The third year provides you with the opportunity to specialise in particular areas of drama studies – Shakespeare, Radio Drama, Playwriting etc – alongside practical classes that focus on directing and workshop leading. Extensive career development classes are an integral part of your final semester on the programme.
Our facilities content
At the heart of the learning experience of the Theatre department is a fully equipped 212-seat public theatre venue - The Showroom. The department uses the Showroom for student performances, practical workshops and hosting some of the best international touring theatre.
Other facilities include:
- Studio spaces exclusive to the department
- Rehearsal Rooms
- Recording studio
- Editing facilities
- Audio/visual equipment
- In-house lighting and sound technicians to assist student projects
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Teaching and assessment
There are four different types of module, shaping your experience throughout the three years of the programme.
- Skills Development: taught by a range of dedicated specialists in small-classes of about fifteen. You develop your voice, movement and compositional skills, which help to build up your technical abilities as a performer and maker.
- Critical and Cultural Studies: taught in lecturers and small seminar groups. Alongside studies on theatre theory, you will learn about philosophy, sociology, psychology and critical and cultural issues and matters.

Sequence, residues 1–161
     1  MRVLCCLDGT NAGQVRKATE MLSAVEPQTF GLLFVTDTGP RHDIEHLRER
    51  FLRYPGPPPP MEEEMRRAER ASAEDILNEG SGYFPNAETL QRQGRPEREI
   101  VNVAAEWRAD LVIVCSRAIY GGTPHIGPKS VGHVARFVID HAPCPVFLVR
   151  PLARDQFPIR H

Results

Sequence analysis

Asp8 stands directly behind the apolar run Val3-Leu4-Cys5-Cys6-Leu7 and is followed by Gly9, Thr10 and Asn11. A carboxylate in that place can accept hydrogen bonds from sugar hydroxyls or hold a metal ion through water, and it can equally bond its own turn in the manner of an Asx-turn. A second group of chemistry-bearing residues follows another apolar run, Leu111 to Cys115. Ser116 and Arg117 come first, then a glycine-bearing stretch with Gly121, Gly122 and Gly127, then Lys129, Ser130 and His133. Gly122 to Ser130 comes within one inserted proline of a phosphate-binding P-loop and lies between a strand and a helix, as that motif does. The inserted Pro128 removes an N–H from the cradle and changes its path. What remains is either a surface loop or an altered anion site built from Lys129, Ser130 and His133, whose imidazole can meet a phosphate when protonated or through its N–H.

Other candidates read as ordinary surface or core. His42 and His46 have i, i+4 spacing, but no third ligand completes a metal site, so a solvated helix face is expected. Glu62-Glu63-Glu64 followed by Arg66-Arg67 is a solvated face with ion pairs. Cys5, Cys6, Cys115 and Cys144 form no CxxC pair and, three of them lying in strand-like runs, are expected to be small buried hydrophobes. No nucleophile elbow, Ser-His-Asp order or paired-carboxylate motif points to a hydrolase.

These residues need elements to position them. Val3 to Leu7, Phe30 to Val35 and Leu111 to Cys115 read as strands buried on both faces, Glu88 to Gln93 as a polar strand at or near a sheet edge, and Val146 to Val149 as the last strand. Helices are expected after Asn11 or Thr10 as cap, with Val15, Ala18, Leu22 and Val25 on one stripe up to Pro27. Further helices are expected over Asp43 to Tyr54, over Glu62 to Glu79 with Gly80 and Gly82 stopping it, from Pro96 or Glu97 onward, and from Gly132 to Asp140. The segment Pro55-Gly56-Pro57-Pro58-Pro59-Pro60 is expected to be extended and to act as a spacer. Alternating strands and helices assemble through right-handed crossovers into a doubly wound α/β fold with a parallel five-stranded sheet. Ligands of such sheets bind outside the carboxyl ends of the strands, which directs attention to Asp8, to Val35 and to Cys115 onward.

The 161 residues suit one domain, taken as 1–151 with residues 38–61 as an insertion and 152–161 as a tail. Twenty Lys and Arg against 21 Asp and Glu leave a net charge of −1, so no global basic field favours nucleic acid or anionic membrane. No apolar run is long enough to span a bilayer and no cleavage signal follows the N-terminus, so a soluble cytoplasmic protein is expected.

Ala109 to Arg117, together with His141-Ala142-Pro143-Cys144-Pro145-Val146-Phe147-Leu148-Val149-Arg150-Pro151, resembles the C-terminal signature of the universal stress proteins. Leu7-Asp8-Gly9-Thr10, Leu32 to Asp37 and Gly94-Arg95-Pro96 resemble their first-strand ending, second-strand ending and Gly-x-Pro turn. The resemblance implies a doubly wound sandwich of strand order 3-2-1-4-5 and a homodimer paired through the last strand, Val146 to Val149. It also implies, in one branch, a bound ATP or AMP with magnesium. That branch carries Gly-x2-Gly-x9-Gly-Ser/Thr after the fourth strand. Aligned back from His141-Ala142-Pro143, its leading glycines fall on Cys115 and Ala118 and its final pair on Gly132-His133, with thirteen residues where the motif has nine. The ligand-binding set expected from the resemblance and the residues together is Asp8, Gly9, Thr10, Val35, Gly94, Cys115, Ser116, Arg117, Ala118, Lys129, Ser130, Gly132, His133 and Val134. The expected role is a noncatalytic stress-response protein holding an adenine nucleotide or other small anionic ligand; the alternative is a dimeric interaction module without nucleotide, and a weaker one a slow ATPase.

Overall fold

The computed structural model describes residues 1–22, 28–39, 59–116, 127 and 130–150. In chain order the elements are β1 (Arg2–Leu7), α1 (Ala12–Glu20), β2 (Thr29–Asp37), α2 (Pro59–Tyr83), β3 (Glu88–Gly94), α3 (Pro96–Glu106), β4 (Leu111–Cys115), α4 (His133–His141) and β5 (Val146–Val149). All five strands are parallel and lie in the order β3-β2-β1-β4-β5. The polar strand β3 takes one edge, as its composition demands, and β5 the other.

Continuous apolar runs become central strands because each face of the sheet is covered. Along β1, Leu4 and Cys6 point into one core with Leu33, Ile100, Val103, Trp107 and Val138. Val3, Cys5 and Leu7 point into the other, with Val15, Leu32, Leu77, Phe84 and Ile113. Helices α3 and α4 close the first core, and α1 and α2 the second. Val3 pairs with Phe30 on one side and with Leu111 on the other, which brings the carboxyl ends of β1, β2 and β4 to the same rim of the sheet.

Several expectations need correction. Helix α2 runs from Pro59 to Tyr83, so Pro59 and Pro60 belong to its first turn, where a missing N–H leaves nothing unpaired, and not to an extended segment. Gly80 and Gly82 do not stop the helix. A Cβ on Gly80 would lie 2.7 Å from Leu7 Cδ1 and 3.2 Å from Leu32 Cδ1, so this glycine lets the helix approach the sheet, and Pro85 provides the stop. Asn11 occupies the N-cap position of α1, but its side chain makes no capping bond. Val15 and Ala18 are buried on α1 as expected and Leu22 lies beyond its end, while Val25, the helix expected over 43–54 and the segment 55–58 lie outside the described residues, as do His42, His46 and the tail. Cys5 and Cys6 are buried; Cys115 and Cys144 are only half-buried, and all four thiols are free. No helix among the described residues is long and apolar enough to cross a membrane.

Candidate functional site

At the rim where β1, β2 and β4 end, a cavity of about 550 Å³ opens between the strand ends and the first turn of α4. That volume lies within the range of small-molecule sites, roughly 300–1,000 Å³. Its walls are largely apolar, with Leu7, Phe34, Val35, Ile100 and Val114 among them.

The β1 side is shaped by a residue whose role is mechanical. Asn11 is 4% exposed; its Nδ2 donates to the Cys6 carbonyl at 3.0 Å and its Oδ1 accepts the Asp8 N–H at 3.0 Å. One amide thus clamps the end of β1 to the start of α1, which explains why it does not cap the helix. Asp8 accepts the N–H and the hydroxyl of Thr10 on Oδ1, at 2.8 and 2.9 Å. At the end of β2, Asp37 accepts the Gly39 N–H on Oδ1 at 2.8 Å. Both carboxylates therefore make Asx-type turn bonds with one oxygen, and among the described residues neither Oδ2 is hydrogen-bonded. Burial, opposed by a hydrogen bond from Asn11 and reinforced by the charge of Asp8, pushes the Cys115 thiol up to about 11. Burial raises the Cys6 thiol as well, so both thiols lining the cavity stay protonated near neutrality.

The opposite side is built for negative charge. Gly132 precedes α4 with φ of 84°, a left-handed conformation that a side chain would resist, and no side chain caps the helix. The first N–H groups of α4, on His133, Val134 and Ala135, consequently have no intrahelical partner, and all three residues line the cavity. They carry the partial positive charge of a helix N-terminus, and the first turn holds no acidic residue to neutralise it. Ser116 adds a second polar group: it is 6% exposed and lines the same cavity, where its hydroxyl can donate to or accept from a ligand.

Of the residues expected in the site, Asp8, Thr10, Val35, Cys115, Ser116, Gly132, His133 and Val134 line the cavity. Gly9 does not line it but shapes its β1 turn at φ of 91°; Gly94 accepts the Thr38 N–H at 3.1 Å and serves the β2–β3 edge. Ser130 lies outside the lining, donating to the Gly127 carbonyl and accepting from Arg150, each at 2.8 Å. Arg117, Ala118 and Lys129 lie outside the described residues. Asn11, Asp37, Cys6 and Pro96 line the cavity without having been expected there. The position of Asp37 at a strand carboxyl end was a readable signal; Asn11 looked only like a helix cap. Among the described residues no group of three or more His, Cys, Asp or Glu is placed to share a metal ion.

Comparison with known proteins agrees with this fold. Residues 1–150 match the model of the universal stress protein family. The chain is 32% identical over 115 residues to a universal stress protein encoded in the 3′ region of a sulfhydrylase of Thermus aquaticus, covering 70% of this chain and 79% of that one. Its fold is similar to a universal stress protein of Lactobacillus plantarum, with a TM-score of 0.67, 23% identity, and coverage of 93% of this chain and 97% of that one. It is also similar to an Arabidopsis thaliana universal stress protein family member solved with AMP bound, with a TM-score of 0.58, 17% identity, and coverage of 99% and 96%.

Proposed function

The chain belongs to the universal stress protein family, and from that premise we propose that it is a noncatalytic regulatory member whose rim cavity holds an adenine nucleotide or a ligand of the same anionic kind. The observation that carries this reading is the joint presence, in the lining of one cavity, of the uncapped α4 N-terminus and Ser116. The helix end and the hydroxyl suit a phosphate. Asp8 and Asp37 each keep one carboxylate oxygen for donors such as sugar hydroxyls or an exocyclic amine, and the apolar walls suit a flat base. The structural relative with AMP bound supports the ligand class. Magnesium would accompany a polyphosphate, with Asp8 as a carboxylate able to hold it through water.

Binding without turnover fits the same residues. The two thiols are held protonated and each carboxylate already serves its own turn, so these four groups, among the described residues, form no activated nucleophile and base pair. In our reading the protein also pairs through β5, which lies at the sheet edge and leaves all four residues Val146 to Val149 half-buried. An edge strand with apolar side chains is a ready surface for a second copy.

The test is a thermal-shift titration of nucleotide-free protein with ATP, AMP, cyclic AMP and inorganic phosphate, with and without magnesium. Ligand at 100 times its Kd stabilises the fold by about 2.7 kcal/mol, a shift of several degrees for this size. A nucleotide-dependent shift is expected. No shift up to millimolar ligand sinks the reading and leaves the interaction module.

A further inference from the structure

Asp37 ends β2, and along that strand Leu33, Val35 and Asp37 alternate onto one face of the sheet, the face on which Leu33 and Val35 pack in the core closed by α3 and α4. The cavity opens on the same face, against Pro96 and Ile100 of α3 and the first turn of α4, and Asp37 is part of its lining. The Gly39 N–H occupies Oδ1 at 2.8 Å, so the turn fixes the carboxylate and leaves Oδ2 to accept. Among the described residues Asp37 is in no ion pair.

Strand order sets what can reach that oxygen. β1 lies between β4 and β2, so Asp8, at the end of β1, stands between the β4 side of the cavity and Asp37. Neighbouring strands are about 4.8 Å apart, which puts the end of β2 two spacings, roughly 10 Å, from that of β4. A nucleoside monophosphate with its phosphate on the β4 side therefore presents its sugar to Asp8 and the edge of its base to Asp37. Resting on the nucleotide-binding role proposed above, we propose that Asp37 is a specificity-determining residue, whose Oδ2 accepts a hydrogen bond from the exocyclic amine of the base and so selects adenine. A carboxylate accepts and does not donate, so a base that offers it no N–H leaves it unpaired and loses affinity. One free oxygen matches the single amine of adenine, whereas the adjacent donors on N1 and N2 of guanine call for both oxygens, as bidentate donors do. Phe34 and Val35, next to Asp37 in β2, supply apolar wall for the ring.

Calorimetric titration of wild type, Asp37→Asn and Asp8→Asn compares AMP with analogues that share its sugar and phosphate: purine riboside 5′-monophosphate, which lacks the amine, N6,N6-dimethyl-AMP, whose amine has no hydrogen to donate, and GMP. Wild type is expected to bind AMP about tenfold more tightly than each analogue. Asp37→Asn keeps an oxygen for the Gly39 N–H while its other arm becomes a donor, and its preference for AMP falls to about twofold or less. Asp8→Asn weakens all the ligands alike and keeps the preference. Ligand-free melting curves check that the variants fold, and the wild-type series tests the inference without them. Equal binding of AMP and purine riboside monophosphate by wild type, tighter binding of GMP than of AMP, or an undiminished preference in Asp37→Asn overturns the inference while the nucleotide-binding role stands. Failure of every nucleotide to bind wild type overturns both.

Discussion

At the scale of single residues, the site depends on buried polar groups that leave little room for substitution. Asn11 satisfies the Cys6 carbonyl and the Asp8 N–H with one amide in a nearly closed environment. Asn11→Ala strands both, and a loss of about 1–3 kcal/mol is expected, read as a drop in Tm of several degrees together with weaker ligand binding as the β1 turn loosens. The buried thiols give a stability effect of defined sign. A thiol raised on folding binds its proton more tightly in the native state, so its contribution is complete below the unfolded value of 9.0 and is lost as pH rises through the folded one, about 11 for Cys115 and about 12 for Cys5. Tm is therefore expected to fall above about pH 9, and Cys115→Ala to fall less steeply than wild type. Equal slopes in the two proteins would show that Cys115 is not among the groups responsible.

- Projects and Productions: the heart of the programme. These are specialist performance projects that will inspire and challenge you towards making innovative theatre. You will be involved in at least twelve examined performances, including three major productions, over the three years.
- Professional Development and Careers: Taught in a practical way, providing insight of, and preparation for, a career in theatre, arts practice and related fields.
The programme is demanding in terms of time commitments: for example, in the first year, students can expect to be in six hours a week of taught skills classes, together with at least four hours of rehearsals for third-year directing exercises; six hours a week of project classes, with at least six hours of group rehearsal; two hours of lectures and seminars, with at least six hours of timetabled personal study and preparation: 30 hours in total.
Your work is assessed through a wide range of practical/performance contexts: group and individual performances, directing exercises, presentations and creative installations. There are no formal exams. Some classes are assessed through continuous assessment and through written evaluations, with several formal essays that lead to a final-year dissertation.
Entry requirements 2017 - 2018
Typical Offers (individual offers may vary):
A levels (or combination with AS / E.P. / BTEC): 110 to 125 UCAS Tariff Points
International Baccalaureate: 28 points
Audition: Candidates will be asked to attend an audition day. They will present two prepared speeches, talk with staff about their interests and ideas for making theatre and take part in a devising workshop. They will get the chance to meet current students over lunch.